squinch

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squinch1

squinch 1

 (skwĭnch)
n.
A structure, such as a section of vaulting or corbeling, set diagonally across the interior angle between two walls to provide a transition from a square to a polygonal or more nearly circular base on which to construct a dome.

[Alteration of scuncheon, from Middle English sconchon, from Old French escoinson : es-, out of (from Latin ex-; see ex-) + coin, angle, wedge; see coin.]

squinch 2

 (skwĭnch)
tr.v. squinched, squinch·ing, squinch·es
To squeeze, twist, or draw together: squinched her eyes shut.

[Alteration of squint.]

squinch

(skwɪntʃ)
n
(Architecture) a small arch, corbelling, etc, across an internal corner of a tower, used to support a superstructure such as a spire. Also called: squinch arch
[C15: from obsolete scunch, from Middle English sconcheon, from Old French escoinson, from es- ex-1 + coin corner]

squinch1

(skwɪntʃ)

n.
a small arch, corbeling, etc., built across the interior angle between two walls, as in a square tower for supporting a superimposed octagonal spire.
[1490–1500; variant of scunch, short for scuncheon < Middle French escoinson, esconchon; see sconcheon]

squinch2

(skwɪntʃ)

v.t.
1. to contort (the features) or squint.
2. to squeeze together or contract.
v.i.
3. to squeeze together or crouch down, as to fit into a smaller space.
[1830–40; orig. uncertain; compare squint]
ThesaurusAntonymsRelated WordsSynonymsLegend:
Noun1.squinch - a small arch built across the interior angle of two walls (usually to support a spire)
arch - (architecture) a masonry construction (usually curved) for spanning an opening and supporting the weight above it
trumpet arch - a conical squinch
Verb1.squinch - crouch down
crouch, stoop, bend, bow - bend one's back forward from the waist on down; "he crouched down"; "She bowed before the Queen"; "The young man stooped to pick up the girl's purse"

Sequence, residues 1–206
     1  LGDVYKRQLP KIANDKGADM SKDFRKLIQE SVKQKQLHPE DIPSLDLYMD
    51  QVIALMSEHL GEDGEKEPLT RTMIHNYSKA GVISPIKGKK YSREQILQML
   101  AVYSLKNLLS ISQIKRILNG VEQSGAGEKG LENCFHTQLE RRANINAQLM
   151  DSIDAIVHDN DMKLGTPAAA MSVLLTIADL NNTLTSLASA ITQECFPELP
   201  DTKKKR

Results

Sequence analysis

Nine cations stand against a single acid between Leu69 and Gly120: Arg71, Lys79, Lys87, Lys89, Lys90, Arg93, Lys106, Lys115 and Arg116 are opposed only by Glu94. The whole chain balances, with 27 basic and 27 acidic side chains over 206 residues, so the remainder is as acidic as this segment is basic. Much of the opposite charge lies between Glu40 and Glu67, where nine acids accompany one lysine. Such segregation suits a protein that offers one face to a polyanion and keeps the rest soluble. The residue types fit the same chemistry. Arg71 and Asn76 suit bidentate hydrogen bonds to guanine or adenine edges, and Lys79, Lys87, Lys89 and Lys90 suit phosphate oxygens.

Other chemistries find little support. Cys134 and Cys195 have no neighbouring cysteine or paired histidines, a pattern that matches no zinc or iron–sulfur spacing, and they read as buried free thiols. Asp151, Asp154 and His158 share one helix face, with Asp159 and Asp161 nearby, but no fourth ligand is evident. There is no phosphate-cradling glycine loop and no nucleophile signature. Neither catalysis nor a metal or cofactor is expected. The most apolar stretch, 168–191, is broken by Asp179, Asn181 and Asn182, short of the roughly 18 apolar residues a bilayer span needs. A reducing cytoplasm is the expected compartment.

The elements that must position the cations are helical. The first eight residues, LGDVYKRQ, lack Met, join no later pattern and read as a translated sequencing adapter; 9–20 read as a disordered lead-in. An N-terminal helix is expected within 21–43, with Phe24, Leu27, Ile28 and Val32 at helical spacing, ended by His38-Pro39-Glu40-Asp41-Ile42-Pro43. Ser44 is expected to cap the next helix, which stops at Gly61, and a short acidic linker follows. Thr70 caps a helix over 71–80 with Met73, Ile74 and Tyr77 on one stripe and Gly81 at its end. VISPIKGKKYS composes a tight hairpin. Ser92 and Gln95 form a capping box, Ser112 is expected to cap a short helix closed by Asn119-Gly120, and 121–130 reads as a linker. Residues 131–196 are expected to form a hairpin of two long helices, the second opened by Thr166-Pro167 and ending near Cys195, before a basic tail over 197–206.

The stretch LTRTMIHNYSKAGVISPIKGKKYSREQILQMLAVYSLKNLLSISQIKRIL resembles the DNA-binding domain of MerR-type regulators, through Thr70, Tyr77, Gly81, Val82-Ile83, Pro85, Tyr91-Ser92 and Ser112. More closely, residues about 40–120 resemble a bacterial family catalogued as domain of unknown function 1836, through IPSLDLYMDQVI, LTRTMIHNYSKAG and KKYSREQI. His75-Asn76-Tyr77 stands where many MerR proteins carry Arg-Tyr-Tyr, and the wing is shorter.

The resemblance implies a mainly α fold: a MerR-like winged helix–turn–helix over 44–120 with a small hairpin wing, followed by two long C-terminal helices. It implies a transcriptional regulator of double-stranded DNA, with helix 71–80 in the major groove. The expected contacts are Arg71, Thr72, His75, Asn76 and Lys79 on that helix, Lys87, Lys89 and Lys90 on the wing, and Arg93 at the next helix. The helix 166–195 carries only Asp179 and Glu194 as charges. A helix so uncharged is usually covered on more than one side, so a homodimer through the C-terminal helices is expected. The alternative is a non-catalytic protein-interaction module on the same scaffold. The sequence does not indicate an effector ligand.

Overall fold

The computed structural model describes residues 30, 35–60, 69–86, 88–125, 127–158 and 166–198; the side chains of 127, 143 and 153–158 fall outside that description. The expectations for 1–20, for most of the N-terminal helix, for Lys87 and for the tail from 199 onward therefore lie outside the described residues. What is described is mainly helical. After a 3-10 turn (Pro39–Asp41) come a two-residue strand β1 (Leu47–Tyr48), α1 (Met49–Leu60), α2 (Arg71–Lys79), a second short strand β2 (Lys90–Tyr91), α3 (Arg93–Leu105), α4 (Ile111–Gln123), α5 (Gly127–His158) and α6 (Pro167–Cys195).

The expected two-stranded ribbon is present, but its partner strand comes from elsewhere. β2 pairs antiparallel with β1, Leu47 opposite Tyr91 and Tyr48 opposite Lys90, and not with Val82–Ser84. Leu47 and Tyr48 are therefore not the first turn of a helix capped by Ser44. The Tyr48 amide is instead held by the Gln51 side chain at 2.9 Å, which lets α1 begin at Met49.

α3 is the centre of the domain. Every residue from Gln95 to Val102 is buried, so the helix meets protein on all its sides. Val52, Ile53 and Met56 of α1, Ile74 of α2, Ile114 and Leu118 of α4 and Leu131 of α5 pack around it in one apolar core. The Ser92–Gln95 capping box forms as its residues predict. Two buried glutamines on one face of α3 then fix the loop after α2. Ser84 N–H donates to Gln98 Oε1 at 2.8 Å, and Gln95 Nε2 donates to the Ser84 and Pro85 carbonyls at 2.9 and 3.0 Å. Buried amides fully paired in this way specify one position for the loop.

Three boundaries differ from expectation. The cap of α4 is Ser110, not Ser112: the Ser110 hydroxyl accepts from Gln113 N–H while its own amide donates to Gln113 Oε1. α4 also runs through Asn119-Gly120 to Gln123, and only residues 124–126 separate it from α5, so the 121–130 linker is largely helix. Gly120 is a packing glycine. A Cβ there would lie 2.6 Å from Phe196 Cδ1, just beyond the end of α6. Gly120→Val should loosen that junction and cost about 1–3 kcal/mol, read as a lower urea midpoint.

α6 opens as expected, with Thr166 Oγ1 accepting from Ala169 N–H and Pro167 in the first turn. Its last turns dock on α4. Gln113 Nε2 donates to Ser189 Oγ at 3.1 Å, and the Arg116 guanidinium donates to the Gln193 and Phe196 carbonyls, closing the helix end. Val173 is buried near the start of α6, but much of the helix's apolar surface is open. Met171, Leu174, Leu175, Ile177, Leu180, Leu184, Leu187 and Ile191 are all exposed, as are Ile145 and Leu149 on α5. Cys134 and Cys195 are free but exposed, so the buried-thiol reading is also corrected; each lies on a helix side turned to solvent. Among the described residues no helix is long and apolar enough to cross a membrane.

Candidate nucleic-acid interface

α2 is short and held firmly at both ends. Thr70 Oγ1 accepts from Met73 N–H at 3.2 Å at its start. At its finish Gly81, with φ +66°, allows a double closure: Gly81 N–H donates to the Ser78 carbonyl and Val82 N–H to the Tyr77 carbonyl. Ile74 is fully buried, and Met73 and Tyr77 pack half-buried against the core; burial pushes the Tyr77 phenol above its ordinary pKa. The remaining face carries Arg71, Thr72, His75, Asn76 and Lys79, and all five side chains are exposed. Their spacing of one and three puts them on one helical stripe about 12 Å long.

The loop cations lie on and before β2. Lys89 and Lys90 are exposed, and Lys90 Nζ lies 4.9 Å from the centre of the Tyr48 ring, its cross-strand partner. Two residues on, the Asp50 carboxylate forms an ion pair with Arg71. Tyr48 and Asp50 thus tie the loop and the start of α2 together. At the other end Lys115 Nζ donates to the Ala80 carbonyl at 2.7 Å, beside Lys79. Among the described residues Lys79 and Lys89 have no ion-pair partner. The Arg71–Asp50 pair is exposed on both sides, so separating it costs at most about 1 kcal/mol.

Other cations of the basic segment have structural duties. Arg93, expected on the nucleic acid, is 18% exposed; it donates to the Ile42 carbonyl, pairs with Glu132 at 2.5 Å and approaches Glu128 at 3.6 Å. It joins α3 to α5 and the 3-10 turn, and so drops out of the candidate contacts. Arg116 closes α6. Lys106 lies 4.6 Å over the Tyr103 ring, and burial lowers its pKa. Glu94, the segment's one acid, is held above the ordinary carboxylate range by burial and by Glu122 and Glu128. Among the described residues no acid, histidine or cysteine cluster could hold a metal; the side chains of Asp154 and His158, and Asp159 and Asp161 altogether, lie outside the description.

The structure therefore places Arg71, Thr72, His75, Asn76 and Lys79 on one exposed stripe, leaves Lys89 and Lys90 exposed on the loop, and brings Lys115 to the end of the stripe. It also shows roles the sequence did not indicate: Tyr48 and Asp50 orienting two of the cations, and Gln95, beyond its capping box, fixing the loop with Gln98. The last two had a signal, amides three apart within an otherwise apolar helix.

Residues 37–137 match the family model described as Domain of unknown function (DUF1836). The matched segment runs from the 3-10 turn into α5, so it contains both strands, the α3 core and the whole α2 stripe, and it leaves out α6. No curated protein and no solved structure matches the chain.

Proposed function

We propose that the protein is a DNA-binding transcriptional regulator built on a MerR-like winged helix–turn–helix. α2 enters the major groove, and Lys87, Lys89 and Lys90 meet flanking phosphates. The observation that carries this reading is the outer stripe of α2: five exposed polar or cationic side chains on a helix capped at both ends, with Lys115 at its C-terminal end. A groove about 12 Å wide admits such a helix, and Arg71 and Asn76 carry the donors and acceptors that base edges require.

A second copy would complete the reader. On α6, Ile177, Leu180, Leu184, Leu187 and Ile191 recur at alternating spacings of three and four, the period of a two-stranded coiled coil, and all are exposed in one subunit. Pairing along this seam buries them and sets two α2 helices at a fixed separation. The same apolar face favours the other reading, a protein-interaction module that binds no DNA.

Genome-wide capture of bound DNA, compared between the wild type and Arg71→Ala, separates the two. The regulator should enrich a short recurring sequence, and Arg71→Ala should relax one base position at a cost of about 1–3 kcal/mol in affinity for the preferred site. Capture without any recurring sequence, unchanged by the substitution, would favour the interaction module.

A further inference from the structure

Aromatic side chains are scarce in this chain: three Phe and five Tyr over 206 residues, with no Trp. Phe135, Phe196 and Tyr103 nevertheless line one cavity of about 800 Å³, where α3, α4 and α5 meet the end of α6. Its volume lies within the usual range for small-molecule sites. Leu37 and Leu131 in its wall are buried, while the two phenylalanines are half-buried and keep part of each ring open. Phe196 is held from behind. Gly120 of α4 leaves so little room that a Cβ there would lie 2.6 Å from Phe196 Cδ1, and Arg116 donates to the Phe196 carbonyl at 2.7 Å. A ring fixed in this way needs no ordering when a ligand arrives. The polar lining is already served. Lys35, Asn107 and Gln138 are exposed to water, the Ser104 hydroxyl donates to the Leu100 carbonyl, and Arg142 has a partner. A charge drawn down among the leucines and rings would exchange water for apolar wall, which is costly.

2.squinch - draw back, as with fear or pain; "she flinched when they showed the slaughtering of the calf"
move - move so as to change position, perform a nontranslational motion; "He moved his hand slightly to the right"
shrink back, retract - pull away from a source of disgust or fear
3.squinch - cross one's eyes as if in strabismus; "The children squinted so as to scare each other"
grimace, make a face, pull a face - contort the face to indicate a certain mental or emotional state; "He grimaced when he saw the amount of homework he had to do"

squinch

verb
To peer with the eyes partly closed:
Idiom: screw up one's eyes.
Translations

squinch

(US)
vt eyeszusammenkneifen
References in periodicals archive ?
SQUINCHING A selfie pose where you tighten your lower eyelid and close your top eyelid slightly for a sultry look.
Not when a historian asked to lecture on Vietnamese history delivers an avuncular homage to the Vietnamese soul, and refuses to answer mildly controversial questions about political dissent or the dispute with China over ownership of several islands; not when learning is still so rote that in casual conversation among new international friends Vietnamese youth sometimes cannot answer a question without resorting to a classroom script, squinching their eyes or touching fingers to temple to activate their recall; and not when teachers themselves obey a script, and often leave the room during an exam so students can ensure they collectively succeed.
Eichenwald's interviews delved deeply enough that he can show readers Fastow as those around him saw him, with the anxious tics of a crook, whistling his words when he's nervous, pulling his collar, stretching his neck, squinching his face.